November 7, 2019
(Cover photo by Hannah Eden)
Carmen Braden trudges onto Yellowknife’s Back Bay pulling a sled laden with her shovel, ice auger and a piece of muskox fur picked up at a local garage sale.
The temperature has plummeted, but a cold day works best for recording. When she nears Mosher Island she augers a hole, but rather than a fishing line, she lowers her microphone down the icy column. Then, she sits cross-legged on her small square of fur, a warm buffer between her and the ice, and gets comfortable.
“When you’re recording on ice you have to be extremely still. Any sound that happens on the surface is amplified in the water; even shifting your weight on the snow makes sounds. I wanted to capture the ice making its own sound,” Carmen explains.
Carmen listens intently through her headphones as her microphone begins to pick up a cacophony of cracking.
(Photo by Hannah Eden)
“My spot is near enough to the Dettah ice road that the weight of the cars crossing makes the ice crack. In my imagination those cracks bounce around on all the rocks and the underwater lakescape – if that’s a word. It feels like the lake is talking.”
This is one of the first steps in Carmen’s lengthy and unique creative process. It’s these countless hours spent perfecting the nuances of northern sound that help to create her end product.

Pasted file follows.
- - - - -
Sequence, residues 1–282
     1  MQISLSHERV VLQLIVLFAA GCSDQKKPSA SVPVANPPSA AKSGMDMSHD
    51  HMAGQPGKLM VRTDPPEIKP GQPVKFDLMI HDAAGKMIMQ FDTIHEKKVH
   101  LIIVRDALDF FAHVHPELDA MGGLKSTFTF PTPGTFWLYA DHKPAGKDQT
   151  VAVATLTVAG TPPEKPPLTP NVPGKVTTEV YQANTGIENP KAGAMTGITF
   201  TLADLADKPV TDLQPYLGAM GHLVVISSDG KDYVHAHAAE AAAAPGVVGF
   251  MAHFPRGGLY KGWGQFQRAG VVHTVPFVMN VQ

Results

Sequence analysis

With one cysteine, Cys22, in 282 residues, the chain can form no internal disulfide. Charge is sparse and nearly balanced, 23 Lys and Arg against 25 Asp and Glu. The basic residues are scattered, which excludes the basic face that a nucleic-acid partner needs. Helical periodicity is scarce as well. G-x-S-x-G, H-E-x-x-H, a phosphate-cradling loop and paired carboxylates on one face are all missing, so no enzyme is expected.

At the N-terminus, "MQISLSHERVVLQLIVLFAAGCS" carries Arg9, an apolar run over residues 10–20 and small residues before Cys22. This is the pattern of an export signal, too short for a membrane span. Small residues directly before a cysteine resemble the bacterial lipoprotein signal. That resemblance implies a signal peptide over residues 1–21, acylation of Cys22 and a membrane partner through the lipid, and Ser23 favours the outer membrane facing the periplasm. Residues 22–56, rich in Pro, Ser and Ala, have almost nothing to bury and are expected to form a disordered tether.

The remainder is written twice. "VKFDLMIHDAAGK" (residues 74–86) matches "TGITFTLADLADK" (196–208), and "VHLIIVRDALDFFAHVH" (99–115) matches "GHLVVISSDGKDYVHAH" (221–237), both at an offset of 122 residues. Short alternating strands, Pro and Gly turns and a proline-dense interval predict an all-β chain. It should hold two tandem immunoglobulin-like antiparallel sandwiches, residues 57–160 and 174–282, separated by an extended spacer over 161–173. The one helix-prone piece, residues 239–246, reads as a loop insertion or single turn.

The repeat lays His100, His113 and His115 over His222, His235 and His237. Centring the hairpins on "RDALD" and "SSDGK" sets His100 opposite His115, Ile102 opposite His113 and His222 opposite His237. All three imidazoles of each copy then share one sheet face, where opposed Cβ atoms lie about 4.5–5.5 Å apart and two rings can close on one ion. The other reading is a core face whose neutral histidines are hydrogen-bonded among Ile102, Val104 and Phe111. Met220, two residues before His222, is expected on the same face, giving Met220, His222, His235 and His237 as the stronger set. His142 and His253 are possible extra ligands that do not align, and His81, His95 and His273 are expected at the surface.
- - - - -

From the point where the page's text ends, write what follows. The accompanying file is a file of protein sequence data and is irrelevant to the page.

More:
Carmen’s talents and end products are increasingly being recognized on the national level. Her composition Blood Echo was performed onstage by 70+ musicians in the Toronto Symphony Orchestra.
In early October, while attending the Breakout West conference in Whitehorse, she was nominated for two Western Canadian Music Awards, and took home the Classical Composer of the Year award, which she was nominated for alongside four other composers including two of her former university professors.
(Photo courtesy of Carmen Braden)
“I definitely thought one of my professors would take it, so it was a nice surprise. It feels good to be bringing that kind of recognition to the north where we haven’t had a lot of national acknowledgement in some of these categories.”
Carmen credits the support of her Northwest Territories’ community for helping her get to where she is today.
“It took a number of years to view what I do as a business and the support that I’ve gotten through ITI and various grants have helped me develop a stable career. ITI’s SEED funding has helped me travel, create a brand for myself, my website, logos, business cards and some of the infrastructure I need to make my art.”
Carmen continues to be captivated and inspired by the environment around her and has no plans of slowing down any time soon. In fact, there remain some elusive sounds she hopes to capture.
“The sound of the aurora is one sound I still want to capture; and the burping burbot. Apparently they have an air bladder that makes a burping sound when they travel up and down water columns… that’s my holy grail.”
To read more about Carmen’s work, visit her NWT Arts profile.